This posed a problem for the family. When Dave Koza was 10 years old, his father—an affable, retired Navy veteran, fond of his drink—moved the family from Florida to his home state of Wyoming. Dave struggled to understand a community that did not offer organized baseball to adolescent boys. He did not shy from informing his parents that he wanted to go back to Florida; back to baseball.

His father, Gene, understood. He found a vacant lot beside the Safeway grocery store, planted four poles, unrolled some chicken wire, and laid out a regulation-size Little League field. With that, organized baseball for young boys had come to Torrington.

One night, while taking in the previews before a show down at the Wyoming movie theater, his parents saw an advertisement for the Chandler Baseball Camp and thought: Dave. After learning that a session at the camp would cost $175—$175 that they did not have—the Kozas asked for help from several merchants in town, many of whom were appreciative of Gene Koza’s efforts to start a local Little League program.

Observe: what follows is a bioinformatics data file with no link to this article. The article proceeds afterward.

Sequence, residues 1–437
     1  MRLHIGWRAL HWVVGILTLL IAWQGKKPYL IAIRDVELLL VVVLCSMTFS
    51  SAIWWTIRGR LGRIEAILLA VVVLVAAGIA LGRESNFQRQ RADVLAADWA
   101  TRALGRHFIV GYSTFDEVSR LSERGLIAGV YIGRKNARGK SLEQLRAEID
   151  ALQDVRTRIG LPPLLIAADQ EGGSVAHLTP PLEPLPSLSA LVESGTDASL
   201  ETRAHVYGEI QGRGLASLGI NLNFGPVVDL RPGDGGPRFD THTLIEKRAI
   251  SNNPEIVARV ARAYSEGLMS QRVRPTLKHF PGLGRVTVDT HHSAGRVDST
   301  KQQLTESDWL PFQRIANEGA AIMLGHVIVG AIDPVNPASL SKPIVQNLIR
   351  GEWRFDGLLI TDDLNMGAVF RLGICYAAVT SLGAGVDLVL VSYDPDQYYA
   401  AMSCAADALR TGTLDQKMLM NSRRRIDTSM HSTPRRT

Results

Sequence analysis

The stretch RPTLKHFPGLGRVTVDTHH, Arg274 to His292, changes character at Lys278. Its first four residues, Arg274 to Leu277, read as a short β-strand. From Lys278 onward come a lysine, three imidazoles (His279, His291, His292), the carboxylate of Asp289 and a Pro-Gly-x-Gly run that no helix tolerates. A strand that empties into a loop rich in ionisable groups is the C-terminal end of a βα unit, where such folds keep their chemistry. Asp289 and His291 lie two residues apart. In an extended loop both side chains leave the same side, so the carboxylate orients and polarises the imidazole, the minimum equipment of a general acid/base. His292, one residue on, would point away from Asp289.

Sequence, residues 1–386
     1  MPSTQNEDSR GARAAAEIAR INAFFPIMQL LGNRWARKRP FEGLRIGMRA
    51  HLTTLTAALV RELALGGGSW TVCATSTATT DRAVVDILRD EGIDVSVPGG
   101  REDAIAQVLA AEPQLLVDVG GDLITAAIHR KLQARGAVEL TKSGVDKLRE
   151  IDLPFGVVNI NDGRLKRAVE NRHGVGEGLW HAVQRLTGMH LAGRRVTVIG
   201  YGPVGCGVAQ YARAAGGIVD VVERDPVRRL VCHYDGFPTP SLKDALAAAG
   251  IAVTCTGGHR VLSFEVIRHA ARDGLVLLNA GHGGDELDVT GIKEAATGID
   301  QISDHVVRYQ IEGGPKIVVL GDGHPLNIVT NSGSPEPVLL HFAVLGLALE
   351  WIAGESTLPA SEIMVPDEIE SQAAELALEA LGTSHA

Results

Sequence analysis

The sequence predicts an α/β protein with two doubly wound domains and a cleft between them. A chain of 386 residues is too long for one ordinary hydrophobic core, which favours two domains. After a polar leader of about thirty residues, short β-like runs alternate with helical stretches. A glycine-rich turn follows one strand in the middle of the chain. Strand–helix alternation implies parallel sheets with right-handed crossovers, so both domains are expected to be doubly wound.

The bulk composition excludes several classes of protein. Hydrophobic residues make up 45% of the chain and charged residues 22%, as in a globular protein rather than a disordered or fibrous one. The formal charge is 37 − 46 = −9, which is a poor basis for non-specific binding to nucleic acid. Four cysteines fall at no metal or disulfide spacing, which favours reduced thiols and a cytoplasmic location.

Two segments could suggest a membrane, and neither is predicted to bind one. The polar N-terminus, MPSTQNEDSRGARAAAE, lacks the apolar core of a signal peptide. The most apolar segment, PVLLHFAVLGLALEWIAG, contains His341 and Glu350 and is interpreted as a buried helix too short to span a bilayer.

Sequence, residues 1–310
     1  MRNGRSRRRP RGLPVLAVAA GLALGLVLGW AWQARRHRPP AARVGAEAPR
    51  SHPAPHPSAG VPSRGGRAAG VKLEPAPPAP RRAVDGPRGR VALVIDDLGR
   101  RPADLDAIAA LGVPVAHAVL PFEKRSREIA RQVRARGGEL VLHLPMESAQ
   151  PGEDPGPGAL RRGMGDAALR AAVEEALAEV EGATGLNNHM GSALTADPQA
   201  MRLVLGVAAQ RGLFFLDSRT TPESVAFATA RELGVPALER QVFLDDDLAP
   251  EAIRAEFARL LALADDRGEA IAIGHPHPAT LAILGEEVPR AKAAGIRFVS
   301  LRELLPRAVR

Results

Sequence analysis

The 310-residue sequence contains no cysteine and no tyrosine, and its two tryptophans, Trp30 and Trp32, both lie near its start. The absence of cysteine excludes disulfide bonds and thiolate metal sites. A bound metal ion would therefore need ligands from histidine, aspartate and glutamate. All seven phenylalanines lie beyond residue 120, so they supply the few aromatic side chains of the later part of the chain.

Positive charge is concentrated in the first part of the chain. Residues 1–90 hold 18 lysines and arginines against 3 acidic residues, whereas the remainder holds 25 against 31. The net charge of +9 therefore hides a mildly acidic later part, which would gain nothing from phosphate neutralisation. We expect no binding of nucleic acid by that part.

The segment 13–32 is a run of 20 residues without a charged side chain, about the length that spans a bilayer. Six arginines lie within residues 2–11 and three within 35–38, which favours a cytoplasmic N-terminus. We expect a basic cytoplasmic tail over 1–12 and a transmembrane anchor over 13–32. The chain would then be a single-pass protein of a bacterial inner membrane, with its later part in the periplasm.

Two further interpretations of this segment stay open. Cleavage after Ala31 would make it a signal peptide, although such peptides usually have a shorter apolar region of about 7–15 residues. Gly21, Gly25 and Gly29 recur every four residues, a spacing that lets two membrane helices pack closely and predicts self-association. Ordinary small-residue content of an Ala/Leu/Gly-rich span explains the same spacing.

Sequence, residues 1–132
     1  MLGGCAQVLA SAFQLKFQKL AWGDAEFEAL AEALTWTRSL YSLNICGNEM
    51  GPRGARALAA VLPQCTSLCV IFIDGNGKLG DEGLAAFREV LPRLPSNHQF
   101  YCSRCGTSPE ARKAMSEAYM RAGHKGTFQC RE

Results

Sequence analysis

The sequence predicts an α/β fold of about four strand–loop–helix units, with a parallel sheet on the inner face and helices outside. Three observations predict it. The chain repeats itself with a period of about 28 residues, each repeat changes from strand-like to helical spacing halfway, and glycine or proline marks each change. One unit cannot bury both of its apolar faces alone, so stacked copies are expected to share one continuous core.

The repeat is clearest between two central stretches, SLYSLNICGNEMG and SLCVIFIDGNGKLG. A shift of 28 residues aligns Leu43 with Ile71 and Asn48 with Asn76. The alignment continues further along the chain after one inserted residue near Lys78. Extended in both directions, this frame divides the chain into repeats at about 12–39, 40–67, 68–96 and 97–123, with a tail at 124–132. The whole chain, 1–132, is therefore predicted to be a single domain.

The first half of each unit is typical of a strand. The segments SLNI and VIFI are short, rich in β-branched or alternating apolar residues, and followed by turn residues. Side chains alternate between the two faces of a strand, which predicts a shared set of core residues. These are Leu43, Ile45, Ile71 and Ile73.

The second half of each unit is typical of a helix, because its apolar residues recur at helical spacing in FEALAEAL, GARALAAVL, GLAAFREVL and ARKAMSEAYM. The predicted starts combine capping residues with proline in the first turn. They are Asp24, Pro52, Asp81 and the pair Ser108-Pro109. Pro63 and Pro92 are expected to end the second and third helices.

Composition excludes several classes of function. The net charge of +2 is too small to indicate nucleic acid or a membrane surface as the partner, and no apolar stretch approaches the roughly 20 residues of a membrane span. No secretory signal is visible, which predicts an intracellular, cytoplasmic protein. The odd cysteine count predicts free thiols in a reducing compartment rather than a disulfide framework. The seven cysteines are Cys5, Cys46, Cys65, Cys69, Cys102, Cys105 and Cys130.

Soon, Dave Koza, all of 11, was traveling 800 miles to Chandler, Oklahoma, to a military-style baseball camp; no swimming pool, no tennis courts, no air-conditioning to counter the oppressive Oklahoma heat. For 11 hours a day, these Pee Wees and Midgets, Preps and Minors, ran baseball drills, practiced bunts, slides, and hitting the cut-off, played baseball games—and then drilled some more. Before lights out in the stuffy cabins at 10, they gathered in the mess hall to watch film footage of nothing but baseball; black-and-white clips from a World Series one night, an instructional film on fielding the next.